Does Money Buy Happiness?


Does money buy happiness? I’ve never seen any evidence of this but the girl cutting my hair today said it does.

money, finance, mortgage

“It allows my husband and I to have a house so it gives us freedom.”

I should have delved into this a little bit more for a couple of reasons.

  1. When I’ve owned a house, I’ve found that it gave me less freedom. If I’m renting a place, even a house, and I decide that I don’t want to be there anymore, I can just leave, which I can’t do if I own a house. Of course, there would still be the issue of moving all of my possessions. Owning things is problematic. Do I own my stuff or does my stuff own me? I’ve gotten to the point where I don’t really want to own anything: houses, cars, furniture. That would be real freedom.
  2. That still leaves the question of money. Because you can own a house and still not have any money. You can still live paycheck to paycheck. Any neighborhood I’ve ever driven through that had nice, expensive-looking houses also contained a surprising number of very ordinary looking cars. Residents have enough to afford the house but not enough left over for other things, like cars. Again, the freedom question. Do you own the house or does the house own you?

The idea that having a lot of money would make you happy and solve all your problems is certainly pervasive in America, even though I don’t believe it myself. I notice every time I’m in a convenience store, there’s at least one customer buying lottery tickets. And I couldn’t possibly count the number of people I’ve heard say something to the effect of “I wish I had the money to just quit my stupid job and do whatever I want to.”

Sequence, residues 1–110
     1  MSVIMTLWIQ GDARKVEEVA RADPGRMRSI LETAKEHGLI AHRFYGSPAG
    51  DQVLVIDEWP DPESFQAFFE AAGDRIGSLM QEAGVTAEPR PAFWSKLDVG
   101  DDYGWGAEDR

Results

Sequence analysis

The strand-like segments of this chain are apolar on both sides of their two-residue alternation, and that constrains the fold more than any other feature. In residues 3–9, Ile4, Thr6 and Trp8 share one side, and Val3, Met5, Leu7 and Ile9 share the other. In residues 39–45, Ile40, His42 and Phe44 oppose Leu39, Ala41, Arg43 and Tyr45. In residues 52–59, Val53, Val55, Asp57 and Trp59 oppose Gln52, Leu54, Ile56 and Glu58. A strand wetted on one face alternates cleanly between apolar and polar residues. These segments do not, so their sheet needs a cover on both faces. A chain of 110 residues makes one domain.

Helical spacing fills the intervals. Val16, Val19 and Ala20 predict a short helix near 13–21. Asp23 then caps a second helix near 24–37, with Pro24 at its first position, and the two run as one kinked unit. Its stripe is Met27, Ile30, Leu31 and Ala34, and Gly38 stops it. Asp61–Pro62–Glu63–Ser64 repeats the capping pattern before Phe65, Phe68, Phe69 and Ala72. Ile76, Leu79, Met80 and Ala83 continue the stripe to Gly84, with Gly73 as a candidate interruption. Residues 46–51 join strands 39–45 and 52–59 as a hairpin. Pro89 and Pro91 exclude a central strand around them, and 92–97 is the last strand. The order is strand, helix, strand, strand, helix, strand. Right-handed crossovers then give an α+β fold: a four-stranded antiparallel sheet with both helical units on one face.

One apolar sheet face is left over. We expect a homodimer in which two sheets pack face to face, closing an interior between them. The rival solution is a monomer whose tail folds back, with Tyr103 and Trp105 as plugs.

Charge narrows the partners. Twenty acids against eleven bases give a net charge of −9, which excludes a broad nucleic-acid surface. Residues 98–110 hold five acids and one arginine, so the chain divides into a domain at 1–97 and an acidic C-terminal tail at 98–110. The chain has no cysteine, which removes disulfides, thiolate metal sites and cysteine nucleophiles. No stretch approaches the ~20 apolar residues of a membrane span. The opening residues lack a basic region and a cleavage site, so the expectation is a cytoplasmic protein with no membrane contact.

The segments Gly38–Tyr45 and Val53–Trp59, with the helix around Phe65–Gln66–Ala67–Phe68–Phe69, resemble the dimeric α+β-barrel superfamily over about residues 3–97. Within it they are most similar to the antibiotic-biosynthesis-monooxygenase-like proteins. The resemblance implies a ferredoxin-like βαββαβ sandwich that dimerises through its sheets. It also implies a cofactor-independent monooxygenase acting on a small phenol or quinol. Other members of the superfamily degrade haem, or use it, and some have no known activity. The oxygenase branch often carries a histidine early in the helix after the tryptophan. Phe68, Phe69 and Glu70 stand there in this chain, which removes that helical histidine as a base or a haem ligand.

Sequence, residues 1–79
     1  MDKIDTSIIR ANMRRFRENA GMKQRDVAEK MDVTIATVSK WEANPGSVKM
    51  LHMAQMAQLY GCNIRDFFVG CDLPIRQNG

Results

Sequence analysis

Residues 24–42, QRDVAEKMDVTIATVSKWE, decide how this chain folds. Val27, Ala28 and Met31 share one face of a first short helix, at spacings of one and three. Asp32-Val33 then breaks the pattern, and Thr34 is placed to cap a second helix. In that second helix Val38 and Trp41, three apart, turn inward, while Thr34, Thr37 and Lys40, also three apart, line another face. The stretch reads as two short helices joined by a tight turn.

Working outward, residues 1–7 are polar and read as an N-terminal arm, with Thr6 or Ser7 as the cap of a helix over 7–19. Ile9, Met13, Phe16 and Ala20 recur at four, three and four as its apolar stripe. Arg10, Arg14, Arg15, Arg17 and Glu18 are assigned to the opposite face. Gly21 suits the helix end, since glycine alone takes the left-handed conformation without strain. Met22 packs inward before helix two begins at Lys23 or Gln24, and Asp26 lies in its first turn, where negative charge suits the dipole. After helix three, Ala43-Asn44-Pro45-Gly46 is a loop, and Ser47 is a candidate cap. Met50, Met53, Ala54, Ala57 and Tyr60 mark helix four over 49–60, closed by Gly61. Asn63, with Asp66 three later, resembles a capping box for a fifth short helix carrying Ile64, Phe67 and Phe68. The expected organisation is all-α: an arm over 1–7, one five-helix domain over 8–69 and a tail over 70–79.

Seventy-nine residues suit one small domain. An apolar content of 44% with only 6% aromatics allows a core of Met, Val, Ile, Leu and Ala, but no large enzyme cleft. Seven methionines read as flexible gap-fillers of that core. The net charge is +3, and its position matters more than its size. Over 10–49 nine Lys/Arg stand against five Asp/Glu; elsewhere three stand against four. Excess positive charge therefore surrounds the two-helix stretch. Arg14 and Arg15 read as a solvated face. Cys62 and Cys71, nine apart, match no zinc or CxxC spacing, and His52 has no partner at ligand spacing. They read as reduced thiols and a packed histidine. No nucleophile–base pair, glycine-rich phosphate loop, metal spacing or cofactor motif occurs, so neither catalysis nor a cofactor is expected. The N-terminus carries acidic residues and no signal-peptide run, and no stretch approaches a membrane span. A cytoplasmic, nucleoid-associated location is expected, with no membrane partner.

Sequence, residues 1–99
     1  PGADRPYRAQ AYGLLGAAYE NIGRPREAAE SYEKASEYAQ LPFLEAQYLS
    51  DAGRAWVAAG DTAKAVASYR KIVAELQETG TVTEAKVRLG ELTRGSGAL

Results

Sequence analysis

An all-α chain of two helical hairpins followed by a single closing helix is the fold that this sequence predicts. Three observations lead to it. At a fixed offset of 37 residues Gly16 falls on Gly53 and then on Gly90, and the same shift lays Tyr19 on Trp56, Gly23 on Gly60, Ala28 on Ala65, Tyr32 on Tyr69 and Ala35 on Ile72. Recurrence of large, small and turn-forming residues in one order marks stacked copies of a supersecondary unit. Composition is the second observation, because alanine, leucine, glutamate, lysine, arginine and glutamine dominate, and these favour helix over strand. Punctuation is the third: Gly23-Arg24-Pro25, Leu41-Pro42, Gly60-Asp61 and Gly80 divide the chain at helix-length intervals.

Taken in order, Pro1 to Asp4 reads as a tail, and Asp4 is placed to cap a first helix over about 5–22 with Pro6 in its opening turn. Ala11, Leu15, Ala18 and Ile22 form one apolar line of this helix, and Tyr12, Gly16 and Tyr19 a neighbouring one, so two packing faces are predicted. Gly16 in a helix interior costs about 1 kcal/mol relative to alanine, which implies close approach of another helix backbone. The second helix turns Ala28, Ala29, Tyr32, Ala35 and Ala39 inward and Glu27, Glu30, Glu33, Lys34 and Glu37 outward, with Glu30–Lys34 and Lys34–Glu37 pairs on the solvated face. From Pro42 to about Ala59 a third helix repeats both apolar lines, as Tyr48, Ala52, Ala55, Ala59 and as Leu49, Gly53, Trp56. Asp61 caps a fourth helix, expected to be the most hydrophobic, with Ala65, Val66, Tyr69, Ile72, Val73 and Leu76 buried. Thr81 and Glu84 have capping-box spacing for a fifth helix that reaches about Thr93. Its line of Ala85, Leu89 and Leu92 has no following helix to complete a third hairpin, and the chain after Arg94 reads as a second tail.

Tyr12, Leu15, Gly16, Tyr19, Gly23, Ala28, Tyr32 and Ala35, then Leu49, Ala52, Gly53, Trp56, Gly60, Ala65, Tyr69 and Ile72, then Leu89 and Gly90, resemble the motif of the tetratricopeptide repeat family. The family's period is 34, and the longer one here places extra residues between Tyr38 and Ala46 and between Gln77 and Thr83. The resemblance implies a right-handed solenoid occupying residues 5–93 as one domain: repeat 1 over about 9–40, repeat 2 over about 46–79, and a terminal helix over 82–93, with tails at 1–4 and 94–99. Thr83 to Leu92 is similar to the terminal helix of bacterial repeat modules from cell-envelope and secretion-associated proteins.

I also notice that there are a lot of people who have all the money they could ever need and they still don’t seem very happy. Rich people in rehab, rich people in serial dysfunctional relationships, rich people dying young, followed by an alarming toxicology report, rich people ending their own lives.


Lisa Marie Presley died this week after going into cardiac arrest at the age of 54, which is not even close to a normal human lifespan. I’m going to make a couple of assumptions: 1) She was financially well off; 2) Her toxicology report will be illuminating.

Her dad was fabulously well-to-do and effectively killed himself in his early 40s. With Elvis, I’ve always thought that it must have been very hard to be loved as much as he was — and no one was ever loved more than Elvis — and then to get old (40 must have seemed very old to him) and lose that. All the money was not enough to live through it.


Singers and musical groups never seem to retire no matter how much money they have. I saw Randy Newman not too long ago at the Hollywood Bowl and he addressed that.

“People ask me why am I still doing this at my age. I tell them that I like it, and nobody’s applauding at home.”

Now I think we’re getting closer to the truth, that what makes people happy is a sense that they have a purpose, a reason for being alive. Even if carrying out that purpose brings in a lot of money, it’s not the money that makes them happy, it’s the purpose.

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